So basically I couldn't find an answer to this directly. But can a Pi 4 blu ray play blu ray rips(from my own blu rays) without issues? With the pi 3 and older, it was too much. Is the pi 4 powerful enough?

Thanks in advance,


  • 1
    Should be able to, try LibreELEC libreelec.tv
    – CoderMike
    Oct 25, 2019 at 10:05
  • 2
    Try it, you won't break anything.
    – Dougie
    Oct 25, 2019 at 10:15
  • 1
    Depends on what player you use. omxplayer is capable of playing 1080p with no significant CPU usage. But RPi 4 is not supported yet.
    – kwasmich
    Oct 25, 2019 at 10:36
  • 1
    @Dougie, I can't try it if I do not have it yet ;) others thanks
    – Dr_Bunsen
    Nov 1, 2019 at 11:40

3 Answers 3


It will be enough, but the performance will depend on the codec used:

  • HEVC, H.265 and H.264 are supported in hardware, so those will offer the best performance with a compatible video player such as VLC.

  • Older formats such as MPEG-2 are decoded in software, which is fine in most cases. Videos with high bitrates (such as Blu-ray) will result in significant CPU load though.

Early Blu-ray disks use MPEG-2 codec natively, so the playback of such raw BD rips (.M2TS files) on the RPi 4 will rely on a software codec. More recent Blu-ray (.M2TS) and AVCHD rips (.MTS files, DVDs for Blu-ray players) use H.264 and will be decoded in hardware on an RPi 4.

If your rips are transcoded (so you have made .AVI/.MKV/.MP4 files instead of .MTS/.M2TS), the original codec is not important. Be sure to pick one of the hardware-supported codecs when transcoding.

Note that if you need post-processing during playback (e.g. playing a 3D Blu-ray as 2D on a regular screen), hardware decoding will not work regardless of the codec (at least in VLC). Playing a full HD 3D H.264 stream in 2D with software decoding is about as much as an RPi 4 can handle, that is, the playback is not always smooth and there is some frame drop.

  • Thanks, that is the answer I needed.
    – Dr_Bunsen
    Jan 9, 2020 at 15:24
  • 1
    "Blu-ray disks use MPEG-2 codec natively" - this is not quite correct. Only very early Blu-Ray releases used. Most blu-rays use H264. Furthermore, your assumption that .m2ts always contains MPEG-2 is incorrect; it can contain H264 streams too (and in fact, in my experience this is the most common format). en.wikipedia.org/wiki/Blu-ray en.wikipedia.org/wiki/.m2ts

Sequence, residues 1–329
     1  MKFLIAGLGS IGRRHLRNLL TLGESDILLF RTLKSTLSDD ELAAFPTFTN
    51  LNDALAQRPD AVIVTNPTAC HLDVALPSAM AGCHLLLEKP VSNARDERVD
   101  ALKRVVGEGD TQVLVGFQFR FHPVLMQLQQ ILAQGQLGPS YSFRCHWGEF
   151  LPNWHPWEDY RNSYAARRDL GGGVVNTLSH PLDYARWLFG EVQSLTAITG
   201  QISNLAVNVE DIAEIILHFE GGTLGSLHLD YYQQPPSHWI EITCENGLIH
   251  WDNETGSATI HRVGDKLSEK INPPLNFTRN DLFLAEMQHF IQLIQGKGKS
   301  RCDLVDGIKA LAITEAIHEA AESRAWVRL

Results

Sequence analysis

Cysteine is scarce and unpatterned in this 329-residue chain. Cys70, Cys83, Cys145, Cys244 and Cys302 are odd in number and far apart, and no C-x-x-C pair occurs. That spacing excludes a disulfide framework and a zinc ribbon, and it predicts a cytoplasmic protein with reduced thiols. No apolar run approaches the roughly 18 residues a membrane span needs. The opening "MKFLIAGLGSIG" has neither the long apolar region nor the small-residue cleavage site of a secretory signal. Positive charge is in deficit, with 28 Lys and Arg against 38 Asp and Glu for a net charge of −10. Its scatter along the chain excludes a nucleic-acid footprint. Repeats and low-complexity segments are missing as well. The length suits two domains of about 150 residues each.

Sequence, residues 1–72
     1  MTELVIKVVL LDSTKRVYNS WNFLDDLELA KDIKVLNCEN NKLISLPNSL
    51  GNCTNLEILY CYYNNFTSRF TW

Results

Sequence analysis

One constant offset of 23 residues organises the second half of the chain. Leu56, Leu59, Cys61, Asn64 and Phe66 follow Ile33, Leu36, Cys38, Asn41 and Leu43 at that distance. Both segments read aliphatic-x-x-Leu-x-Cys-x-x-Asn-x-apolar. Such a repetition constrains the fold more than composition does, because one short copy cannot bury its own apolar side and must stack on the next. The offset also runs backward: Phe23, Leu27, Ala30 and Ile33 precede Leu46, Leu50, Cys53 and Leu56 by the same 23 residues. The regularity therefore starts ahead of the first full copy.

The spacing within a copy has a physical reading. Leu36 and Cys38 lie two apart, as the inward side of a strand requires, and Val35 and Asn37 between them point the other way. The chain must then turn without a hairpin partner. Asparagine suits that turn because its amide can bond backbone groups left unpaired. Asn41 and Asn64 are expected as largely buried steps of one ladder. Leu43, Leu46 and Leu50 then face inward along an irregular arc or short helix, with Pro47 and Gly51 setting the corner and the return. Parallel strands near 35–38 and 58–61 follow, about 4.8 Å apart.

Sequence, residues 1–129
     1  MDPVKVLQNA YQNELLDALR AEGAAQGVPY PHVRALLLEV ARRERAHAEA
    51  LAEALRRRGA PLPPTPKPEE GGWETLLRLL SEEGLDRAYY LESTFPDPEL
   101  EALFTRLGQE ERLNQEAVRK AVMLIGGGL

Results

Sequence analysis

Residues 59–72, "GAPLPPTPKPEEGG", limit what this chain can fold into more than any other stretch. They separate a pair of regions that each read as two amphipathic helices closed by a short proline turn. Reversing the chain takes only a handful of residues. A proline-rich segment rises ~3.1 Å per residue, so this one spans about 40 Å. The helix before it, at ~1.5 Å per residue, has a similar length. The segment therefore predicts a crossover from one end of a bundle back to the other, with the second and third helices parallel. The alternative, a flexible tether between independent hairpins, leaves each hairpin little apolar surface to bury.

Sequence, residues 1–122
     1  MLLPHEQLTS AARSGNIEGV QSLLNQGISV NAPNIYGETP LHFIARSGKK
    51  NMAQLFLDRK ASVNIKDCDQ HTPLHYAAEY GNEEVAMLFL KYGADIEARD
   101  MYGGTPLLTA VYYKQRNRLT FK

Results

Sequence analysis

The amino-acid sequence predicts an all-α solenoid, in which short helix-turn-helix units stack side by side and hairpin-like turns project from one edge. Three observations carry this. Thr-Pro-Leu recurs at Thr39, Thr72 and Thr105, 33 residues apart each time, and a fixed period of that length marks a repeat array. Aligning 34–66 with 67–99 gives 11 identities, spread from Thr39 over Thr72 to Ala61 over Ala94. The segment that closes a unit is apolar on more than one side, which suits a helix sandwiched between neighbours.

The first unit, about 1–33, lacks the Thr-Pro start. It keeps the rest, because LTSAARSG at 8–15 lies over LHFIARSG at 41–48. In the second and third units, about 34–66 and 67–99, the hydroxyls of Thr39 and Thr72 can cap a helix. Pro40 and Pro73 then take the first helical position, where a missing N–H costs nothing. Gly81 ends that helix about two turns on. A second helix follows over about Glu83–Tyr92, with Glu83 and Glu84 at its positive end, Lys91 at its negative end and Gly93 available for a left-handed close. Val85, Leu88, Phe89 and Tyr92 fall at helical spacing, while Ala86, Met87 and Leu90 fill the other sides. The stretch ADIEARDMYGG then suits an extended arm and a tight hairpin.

– LTR
    Jun 10, 2020 at 7:18

Of course Pi4 can play a bluRip file. But you have to notice 2 things: 1. Do not keep open other processes while playing videos 2. Use a good HDMI cable and a good power source

  • You mean play it fine, or play it like it does on pi 3?
    – Dr_Bunsen
    Nov 1, 2019 at 11:41
  • I tried some videos on pi4. AVI formatted files doesn't work very well. But MKV format is ffine. MP4 too Nov 1, 2019 at 13:05
  • Those are blu ray rips? I have a pi2 and a pi3 as media centre, and both do not like blu rays, the rest of the files are not a problem.
    – Dr_Bunsen
    Nov 5, 2019 at 15:37

It is very good question, on rpi 1-2-3 i use special license keys to unlock hardware ecoding MPEG-2 and VC-1. But on rpi4 hardware decoding of MPEG-2 and VC-1 not supported. http://www.raspberrypi.com/mpeg-2-license-key/ http://www.raspberrypi.com/vc-1-license-key/

  • Since the poster specifically stated they have a Pi 4, why post an answer which applies to anything but Pi 4? Jan 9, 2020 at 9:49

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